I arose from sleep about 9 a.m. at the Logan Street House. I was supposed to be the main actor in a play today, but I wasn't prepared. There had only been one rehearsal of the play, which had covered only a part of the first act of the three act play. I hadn't memorized my part in any of the acts and I hadn't even read the third act at all. Yet the play was scheduled to begin very soon.
I couldn't remember what I had been doing all the time in which I had been supposed to be working on the play. I wished I had at least stayed up the night before and tried to memorize some of my lines instead of waiting until the very last morning.
My mother was there. When I told her that I wasn't ready for the play and that I hadn't memorized my parts yet, she seemed somewhat surprised.
I had the play in my hand; I began trying to read the third act which was written in rhyming lines. Some of my parts were extremely long. I could hardly even read the text, but I was sure it was a comedy. It seemed to be set in 17th century France. I portrayed a fellow about 40 years old who owed some money to the public treasury and his debt was causing him all sorts of trouble. At the same time he was representing some other people with their troubles and generally acting like a buffoon.
I wanted my mother to call an information-number and find out what time the play was supposed to begin. If it didn't begin until 1 p.m., I might have a chance to at least memorize some of it.
My one hope was that someone would be behind the curtain who could read my lines to me so I could repeat them. How would that sound? I would have to wait and hear my lines each time before I could speak my parts. I was unsure how that would all turn out.
My mother called the information-number and was told that the plays usually began about 9:30. It was already almost 9:30! I was clearly in big trouble. How could I avoid going there? Perhaps I could fall down some steps and injure myself. An announcement could then be made that I had been injured and someone else could just read my part.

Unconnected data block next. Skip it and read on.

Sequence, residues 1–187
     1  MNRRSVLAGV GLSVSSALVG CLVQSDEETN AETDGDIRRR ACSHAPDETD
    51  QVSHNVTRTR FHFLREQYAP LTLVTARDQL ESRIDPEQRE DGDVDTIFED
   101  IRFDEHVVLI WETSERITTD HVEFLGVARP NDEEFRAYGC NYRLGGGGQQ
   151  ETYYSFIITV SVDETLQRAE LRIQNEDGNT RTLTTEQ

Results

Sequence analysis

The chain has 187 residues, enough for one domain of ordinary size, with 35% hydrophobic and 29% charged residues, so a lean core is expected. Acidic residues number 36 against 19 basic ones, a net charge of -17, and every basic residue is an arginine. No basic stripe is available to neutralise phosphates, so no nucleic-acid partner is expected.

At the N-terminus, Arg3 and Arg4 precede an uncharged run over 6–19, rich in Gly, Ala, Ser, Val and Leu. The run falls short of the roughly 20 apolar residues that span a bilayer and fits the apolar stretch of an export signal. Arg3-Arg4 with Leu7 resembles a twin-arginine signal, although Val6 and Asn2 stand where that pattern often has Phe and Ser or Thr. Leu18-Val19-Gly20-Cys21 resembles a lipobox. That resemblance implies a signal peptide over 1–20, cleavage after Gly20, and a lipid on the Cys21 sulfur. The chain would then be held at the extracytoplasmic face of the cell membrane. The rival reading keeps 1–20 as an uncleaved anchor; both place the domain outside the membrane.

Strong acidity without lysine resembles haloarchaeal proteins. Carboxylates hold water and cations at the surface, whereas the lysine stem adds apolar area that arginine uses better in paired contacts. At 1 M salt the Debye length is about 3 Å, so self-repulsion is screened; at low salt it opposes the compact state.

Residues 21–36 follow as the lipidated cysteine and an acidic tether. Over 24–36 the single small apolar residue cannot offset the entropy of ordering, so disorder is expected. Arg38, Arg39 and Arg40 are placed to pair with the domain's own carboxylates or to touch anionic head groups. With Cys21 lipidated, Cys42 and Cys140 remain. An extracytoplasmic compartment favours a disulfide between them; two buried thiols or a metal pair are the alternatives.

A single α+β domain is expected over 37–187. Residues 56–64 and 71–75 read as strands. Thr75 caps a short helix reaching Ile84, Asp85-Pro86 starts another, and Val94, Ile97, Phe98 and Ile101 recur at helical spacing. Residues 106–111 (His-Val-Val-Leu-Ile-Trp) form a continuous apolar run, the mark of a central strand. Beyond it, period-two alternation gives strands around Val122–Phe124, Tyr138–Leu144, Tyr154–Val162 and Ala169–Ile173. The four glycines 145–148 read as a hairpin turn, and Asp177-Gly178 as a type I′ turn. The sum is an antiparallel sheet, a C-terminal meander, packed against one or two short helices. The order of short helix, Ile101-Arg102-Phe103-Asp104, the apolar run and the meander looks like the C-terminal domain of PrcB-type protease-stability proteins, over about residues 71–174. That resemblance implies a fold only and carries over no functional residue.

Suddenly I found myself at the theater. The other actors were getting ready. My old best friend in my college years, Weinstein, was there; he likewise was in the play. I asked him if he had memorized his part. Apparently he hadn't memorized all of it; but he had a good idea what his part was about and I had the feeling he knew most of it. I didn't know whether the other actors knew their parts.
I walked up to a woman (about 40 years old) in charge of the show; I told her I simply hadn't memorized my part. She said she had been afraid of that. I asked her if she was going to be there to prompt us. She said she would.
The audience was beginning to fill up the theater. I felt extremely miserable. Perhaps I would just ad lib my part and make up lines as I went along. I looked at the beginning of the play. I thought I would be the first actor but then I realized that two people would first make some kind of long announcement.
I was standing behind the curtains on the side of the stage. Perhaps if I had the script with me I could memorize my lines each time before I ran onto the stage. I tried to at least memorize my first two lines. Apparently I was to begin by explaining that I was in the public debt and was also helping some other people with their problems.
The curtain finally went up and the play began. A girl (about 20 years old) ran onto the stage and back and forth across it. I asked the woman in charge if I was supposed to go out there also. Apparently, indeed, I was supposed to go onto the stage and dance back and forth across the stage with the girl. Someone said, "Go."
I ran onto the stage; the girl seemed to make a face at me as if I had been late getting out there. I began dancing back and forth across the stage. First I would throw one arm up into the air perpendicular to the ground and then I would throw the other arm up the same way as I pranced back and forth. I wasn't sure I was dressed correctly. I had one sock on and one sock off. I was wearing a red toboggan, but I was unsure whether I was supposed to have it on.
People began laughing uproariously; they certainly seemed to be enjoying what I was doing. I could hear my father laughing above everyone else. My old law school professor, McSwain, was also in the audience. Being on the stage and making people laugh actually felt rather good, but I really was unsure what I was supposed to do next; I still felt miserable.
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